Let’s start with quantum mechanics. (What could be deeper?) The concept of superposition is infamously hard to render in everyday words. So, not surprisingly, many writers opt for an easy way out: They say that superposition means “both at once,” so that a quantum bit, or qubit, is just a bit that can be “both 0 and 1 at the same time,” while a classical bit can be only one or the other. They go on to say that a quantum computer would achieve its speed by using qubits to try all possible solutions in superposition — that is, at the same time, or in parallel. This is what I’ve come to think of as the fundamental misstep of quantum computing popularization, the one that leads to all the rest. From here it’s just a short hop to quantum computers quickly solving something like the traveling salesperson problem by trying all possible answers at once — something almost all experts believe they won’t be able to do. The thing is, for a computer to be useful, at some point you need to look at it and read an output. But if you look at an equal superposition of all possible answers, the rules of quantum mechanics say you’ll just see and read a random answer. And if that’s all you wanted, you could’ve picked one yourself.
One notable graduate of the list is Coinbase, the largest cryptocurrency exchange in the United States, which shook the industry and public markets with its April 14 Nasdaq debut – the largest direct listing in history. At one point during the opening day, Coinbase’s market cap exceeded $100 billion, setting a high bar for crypto startups still eyeing a public offering. Two of this year’s members, Kraken and Gemini (also cryptocurrency exchanges), have discussed going public in the future. But fintech is no longer just a tale of corporate success. Cryptocurrency lenders and exchanges are slowly giving way to the new hot shot of the class – decentralized finance (DeFi). An umbrella term for blockchain-based applications and protocols aiming to replace traditional financial intermediaries like banks and brokerages, DeFi skyrocketed in popularity and market capitalization over the past 12 months – from just over $1 billion in locked value in June 2020 to the current $67.9 billion. The largest among DeFi platforms are lending and borrowing protocols, such as Aave and MakerDAO, and decentralized exchanges like Uniswap and SushiSwap – all built on Ethereum.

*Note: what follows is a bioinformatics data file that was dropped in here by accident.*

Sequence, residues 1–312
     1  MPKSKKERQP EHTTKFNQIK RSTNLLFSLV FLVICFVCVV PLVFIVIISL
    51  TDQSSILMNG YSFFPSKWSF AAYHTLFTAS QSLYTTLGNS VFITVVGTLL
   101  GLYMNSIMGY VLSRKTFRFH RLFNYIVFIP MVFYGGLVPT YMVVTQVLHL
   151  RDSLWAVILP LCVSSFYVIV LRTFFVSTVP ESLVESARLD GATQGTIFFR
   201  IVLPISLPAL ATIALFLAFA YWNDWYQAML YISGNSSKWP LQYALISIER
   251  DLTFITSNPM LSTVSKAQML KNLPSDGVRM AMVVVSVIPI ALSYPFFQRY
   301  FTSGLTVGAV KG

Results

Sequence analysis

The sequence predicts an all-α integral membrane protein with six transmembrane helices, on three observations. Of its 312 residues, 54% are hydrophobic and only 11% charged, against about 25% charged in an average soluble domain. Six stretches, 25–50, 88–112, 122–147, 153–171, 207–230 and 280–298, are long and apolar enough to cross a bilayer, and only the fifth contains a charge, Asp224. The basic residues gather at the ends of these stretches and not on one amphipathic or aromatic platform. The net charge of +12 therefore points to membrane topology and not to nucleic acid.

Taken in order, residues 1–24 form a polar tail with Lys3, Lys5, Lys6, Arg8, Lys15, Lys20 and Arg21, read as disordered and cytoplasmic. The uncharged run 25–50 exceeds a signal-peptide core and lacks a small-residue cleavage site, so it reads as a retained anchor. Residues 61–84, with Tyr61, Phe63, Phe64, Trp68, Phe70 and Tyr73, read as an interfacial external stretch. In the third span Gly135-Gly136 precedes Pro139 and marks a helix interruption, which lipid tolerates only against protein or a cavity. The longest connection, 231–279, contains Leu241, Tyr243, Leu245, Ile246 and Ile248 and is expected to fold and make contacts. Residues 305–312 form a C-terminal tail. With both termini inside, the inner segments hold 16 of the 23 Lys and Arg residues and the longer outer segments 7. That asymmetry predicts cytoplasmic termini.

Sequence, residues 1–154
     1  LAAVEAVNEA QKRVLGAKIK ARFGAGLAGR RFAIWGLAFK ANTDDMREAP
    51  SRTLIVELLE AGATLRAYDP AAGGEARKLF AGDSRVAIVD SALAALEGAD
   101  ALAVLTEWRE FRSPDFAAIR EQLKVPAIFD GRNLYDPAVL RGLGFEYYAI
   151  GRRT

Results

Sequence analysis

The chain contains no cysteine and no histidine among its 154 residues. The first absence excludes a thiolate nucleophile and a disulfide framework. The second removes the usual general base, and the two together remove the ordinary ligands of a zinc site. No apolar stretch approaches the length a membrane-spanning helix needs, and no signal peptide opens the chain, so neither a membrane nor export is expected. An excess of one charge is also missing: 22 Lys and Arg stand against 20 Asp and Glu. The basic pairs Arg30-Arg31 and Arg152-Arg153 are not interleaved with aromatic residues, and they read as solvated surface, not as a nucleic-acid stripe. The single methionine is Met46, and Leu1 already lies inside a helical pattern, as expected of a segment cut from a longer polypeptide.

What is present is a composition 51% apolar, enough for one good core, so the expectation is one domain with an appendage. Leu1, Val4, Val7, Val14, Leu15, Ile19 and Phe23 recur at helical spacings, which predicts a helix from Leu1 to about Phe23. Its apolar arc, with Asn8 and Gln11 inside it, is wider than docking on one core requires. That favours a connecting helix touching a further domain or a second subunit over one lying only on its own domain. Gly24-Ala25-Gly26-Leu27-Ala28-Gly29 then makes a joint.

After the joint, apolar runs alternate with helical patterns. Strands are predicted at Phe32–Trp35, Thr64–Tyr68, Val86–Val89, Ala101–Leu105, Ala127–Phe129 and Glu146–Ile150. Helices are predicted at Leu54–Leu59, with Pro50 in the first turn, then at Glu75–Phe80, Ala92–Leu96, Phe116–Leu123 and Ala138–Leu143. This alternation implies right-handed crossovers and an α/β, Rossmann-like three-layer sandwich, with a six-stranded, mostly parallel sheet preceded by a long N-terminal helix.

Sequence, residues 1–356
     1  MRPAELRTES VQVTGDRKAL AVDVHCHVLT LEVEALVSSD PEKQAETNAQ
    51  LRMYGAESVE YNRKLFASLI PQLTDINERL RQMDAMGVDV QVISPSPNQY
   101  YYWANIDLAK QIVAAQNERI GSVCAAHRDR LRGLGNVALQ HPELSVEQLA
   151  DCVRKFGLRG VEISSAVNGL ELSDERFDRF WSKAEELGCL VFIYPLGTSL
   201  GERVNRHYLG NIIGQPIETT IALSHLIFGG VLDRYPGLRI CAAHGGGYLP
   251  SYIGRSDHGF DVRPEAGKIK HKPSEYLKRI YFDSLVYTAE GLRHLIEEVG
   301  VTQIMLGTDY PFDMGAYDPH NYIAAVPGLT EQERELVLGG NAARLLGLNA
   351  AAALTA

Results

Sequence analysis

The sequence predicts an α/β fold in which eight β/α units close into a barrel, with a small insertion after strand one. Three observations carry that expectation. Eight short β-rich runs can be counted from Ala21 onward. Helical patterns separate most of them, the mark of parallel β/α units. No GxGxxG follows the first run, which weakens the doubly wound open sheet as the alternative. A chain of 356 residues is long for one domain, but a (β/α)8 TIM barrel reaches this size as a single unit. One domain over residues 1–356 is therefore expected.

In the “Rethinking Search” paper, the Google researchers call indexing the workhorse of modern search. But they envision doing away with indexing by using ever-larger language models that can understand more queries. The Knowledge Graph, for example, may serve up answers to factual questions, but it’s trained on only a small portion of the web. Using a language model built from more of the web would allow a search engine to make recommendations, retrieve documents, answer questions, and accomplish a wide range of tasks. The authors of the Rethinking Search paper say the approach has the potential to create a “transformational shift in thinking.” Such a model doesn’t exist. In fact the authors say it may require the creation of artificial general intelligence or advances in fields like information retrieval and machine learning. Among other things, they want the new approach to supply authoritative answers from a diversity of perspectives, clearly reveal its sources, and operate without bias. A Google spokesperson described LaMDA and MUM as part of Google’s research into next-generation language models and said internal pilots are underway for MUM to help people with queries on billions of topics.
Complex systems are inevitable. That’s the short answer, but we can expand on that a bit. As humans, we deal with complexity every day but the way we deal with it is to make mental models or abstractions about the complexity. In everyday life we deal with other complex systems such as automobile traffic, interaction with other people and animals, or even at a societal level. Decades of IT work has focused on making system models simple (e.g. the three tier web app) and that works great, when it is possible. For better or worse, the situations where that is possible are diminishing. We are entering a world where most and eventually nearly all software systems will be complex. What do we mean by “complex?” In this case we mean that a system is complex if it is too large, and has too many moving parts, for any single human to mentally model the system with predictive accuracy. Twenty years ago, I could write a content management system and basically understand all of the working parts. I could tell you, roughly, what a change to the performance of a query would have on the overall performance of the rest of the application, without having to actually try it. That is no longer the case.
Quote for the day:
"Leadership without character is unthinkable - or should be." -- Warren Bennis